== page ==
The 700 Club | CBN News | Spiritual | Family | Health | Finance | Entertainment | TV | International | ShopCBN

Randy Travis: Road to Redemption

By Sandy Engel and Lisa Ryan
The 700 Club Randy Travis was the first Country artist to break the multi-platinum sales barrier. Now he ‘s setting records with his gospel recordings. Randy’s Rise and Shine album just hit gold status, and his single, "Three Wooden Crosses," has been nominated for Single of the Year and Song of the Year by the Country Music Association. But no award compares to the value of his newfound music ministry. That’s what he talked with Lisa Ryan about from his home in Santa Fe.

a view inside Randy's Santa Fe homeLISA RYAN (reporting): In Randy’s amazing Santa Fe home, crosses abound. But Randy gives the credit for these crosses—and a whole lot more— to the woman who began as his manager and became his wife, Liv.

RANDY TRAVIS: After you’ve been married quite a few years, you learn to take orders; it just comes easy.

LISA RYAN (reporting): That may be all that’s come easy to Randy. For over a decade, he was turned down by every record label in town.

RANDY TRAVIS: When Storms of Life, that first album, was released, to have a platinum album that was a million selling album in less than a year—the first time it had ever happened on a debut Country album—that was a surprise!

LISA RYAN (reporting): But in the small town where he and his brother Ricky grew up, Randy was no stranger to fame.

RANDY TRAVIS: We were well known in that area, not in a good way, for sure. I got into the drug thing, I totaled two motorcycles, and I got in at least 30 fights. The verse in the Bible that says, 'He’ll give His angels charge over you to protect you'—that in itself tells me that verse is very true because I should have been killed a long time ago.

LISA RYAN (reporting): Things went from bad to worse when Randy was arrested for stealing cars and breaking and entering. He also started singing in the club Liv managed.

RANDY TRAVIS: Having her in court the last time, saying that I was not drinking, not using drugs, not running with the same people anymore—that kept me from going to prison.

LISA RYAN: Did you have any kind of religious upbringing when you were a kid?

RANDY TRAVIS: No. I was in church a little bit as a very young kid, but, as they say in the South, 'it didn’t take.' None of it took with me. My Mom and Dad had six kids, and four of the six were going down the same road I was.

LISA RYAN: When did your personal spiritual journey and search for peace of mind start?

Randy Travis cuts the roast beef at their home in Santa Fe, New Mexico, while wife Liv looks onRANDY TRAVIS: Again, I have to look to my wife. When I got into my early 20s, I was going to bed one night—I was still drinking, still using drugs, and probably was drunk or high or both—when I just picked up the Bible and started reading to go to sleep. I was amazed at how well I slept, but even beyond that, the next day, there was this peace of mind that was still there that I wasn’t used to. I never had peace of mind. I never felt at peace with anything or anybody.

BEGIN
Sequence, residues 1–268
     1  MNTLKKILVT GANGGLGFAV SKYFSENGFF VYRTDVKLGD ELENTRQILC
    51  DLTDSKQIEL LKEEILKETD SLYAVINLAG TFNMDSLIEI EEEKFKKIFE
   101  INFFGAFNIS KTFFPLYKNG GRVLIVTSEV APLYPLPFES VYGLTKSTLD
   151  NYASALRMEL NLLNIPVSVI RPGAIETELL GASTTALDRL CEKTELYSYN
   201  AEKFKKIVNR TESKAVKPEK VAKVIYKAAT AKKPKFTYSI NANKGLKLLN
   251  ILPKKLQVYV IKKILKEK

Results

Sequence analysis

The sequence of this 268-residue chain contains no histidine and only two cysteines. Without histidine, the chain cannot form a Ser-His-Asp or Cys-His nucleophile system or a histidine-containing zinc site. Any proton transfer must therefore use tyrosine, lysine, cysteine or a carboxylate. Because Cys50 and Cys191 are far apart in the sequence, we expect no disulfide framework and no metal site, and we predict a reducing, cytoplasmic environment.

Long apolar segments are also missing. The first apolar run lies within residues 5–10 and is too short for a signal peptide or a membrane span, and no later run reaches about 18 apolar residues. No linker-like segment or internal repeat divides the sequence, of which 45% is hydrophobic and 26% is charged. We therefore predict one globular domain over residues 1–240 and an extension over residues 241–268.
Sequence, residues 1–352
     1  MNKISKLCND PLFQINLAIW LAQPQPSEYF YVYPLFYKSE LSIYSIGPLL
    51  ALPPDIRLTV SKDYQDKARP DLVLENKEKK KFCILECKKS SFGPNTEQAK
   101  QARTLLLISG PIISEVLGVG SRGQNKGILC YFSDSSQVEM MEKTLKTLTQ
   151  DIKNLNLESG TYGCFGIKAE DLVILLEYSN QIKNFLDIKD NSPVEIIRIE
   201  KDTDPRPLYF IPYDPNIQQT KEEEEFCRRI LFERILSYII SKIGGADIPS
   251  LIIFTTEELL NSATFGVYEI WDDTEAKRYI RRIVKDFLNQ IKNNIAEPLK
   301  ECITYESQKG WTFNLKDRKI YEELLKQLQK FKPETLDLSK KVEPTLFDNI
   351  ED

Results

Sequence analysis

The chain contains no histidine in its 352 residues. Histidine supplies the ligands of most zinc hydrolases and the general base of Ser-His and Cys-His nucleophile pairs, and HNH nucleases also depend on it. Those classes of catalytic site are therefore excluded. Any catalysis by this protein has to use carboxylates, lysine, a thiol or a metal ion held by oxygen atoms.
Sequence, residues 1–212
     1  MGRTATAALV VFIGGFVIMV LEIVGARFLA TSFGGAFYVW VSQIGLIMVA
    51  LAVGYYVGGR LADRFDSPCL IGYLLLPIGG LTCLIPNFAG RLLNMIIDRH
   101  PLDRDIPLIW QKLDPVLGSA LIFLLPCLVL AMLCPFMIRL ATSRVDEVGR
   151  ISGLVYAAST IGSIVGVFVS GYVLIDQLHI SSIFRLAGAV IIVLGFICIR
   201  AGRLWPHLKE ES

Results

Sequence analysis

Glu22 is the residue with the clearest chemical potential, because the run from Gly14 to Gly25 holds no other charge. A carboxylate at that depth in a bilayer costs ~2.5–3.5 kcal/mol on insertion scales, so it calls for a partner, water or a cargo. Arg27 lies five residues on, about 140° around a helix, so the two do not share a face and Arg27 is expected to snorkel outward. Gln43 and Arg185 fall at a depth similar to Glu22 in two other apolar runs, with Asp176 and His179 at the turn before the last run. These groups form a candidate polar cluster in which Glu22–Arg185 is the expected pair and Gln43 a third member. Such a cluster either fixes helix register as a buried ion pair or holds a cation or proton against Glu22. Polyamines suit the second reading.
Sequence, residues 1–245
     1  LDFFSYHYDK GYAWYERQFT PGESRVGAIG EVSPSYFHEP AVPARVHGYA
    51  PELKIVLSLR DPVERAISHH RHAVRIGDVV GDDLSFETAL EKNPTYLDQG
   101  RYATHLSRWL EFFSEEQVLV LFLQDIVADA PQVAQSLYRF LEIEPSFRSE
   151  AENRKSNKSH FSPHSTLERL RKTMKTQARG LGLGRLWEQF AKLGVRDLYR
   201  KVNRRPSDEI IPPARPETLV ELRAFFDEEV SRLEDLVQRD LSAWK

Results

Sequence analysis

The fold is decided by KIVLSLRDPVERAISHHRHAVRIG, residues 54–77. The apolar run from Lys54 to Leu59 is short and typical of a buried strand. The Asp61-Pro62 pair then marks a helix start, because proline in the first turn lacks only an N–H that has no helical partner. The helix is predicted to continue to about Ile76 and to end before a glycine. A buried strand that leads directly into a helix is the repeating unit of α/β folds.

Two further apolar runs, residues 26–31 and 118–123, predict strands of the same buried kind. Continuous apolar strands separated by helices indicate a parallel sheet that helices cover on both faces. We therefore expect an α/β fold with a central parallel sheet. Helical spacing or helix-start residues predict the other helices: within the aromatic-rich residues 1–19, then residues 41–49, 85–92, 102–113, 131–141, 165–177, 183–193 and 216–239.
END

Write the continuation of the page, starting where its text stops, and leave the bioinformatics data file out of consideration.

LISA RYAN (reporting): Randy continued to read his Bible, but it was 10 years before he surrendered his life to the Lord and was baptized along with Liv.

RANDY TRAVIS: I know I’m forgiven for those things, as bad as they were, in the past. There’s forgiveness if you ask forgiveness, you truly repent, and you do make an honest effort not to do that anymore.

LISA RYAN: The last time I interviewed you, your first gospel album, Inspirational Journey, had just come out. You were just beginning to play churches and Christian venues and giving your testimony. How is that different from the concert halls and the Country shows?

RANDY TRAVIS: I didn’t know what I was getting into. I never even heard the term 'music ministry.' I didn’t even know I had one, you know?

LISA RYAN: What’s a testimony?

RANDY TRAVIS: Yeah. What is a testimony? I’m singing. I’m a singer! It has turned into literally a music ministry because people coming in who didn’t normally go to church, some cases never went to church, some of them had drifted away from the Lord, coming to hear us because of Country hits, and then coming and getting saved, altar calls. You’ll see 100 people, 125, and one night 150 people coming to accept Christ. It’s just unbelievable.

LISA RYAN (reporting): Randy has just released his third gospel album, Worship & Faith, which includes…

RANDY TRAVIS: Some pretty unusual versions of songs like "Just a Closer Walk with Thee;" "Turn Your Radio On," and "Peace in the Valley."

LISA RYAN: Is there a greater satisfaction in that than even on all the record sales you’ve had, all the people that have come to your concerts, when you see people come up and receive the Lord as Savior?

Randy, Liv, and Lisa Ryan outside the Travis homeRANDY TRAVIS: Oh yeah, it's a totally different thing. We hear about people changing their lives, getting baptized, stopping the drugs, the alcohol. I mean it’s all kinds of thing. I never thought I’d be a good influence on anybody with anything I did or said or sang.

LISA RYAN (reporting): Today Randy Travis continues to make a positive impact. Like the music he loves most, Randy’s life has become his personal story song with a powerful gospel message.

RANDY TRAVIS: It’s not what you take when you leave this world behind you. It’s what you leave behind you when you go.

  • Translate
  • Print Page

Are you seeking answers in life? Are you hurting?
Are you facing a difficult situation?

A caring friend will be there to pray with you in your time of need.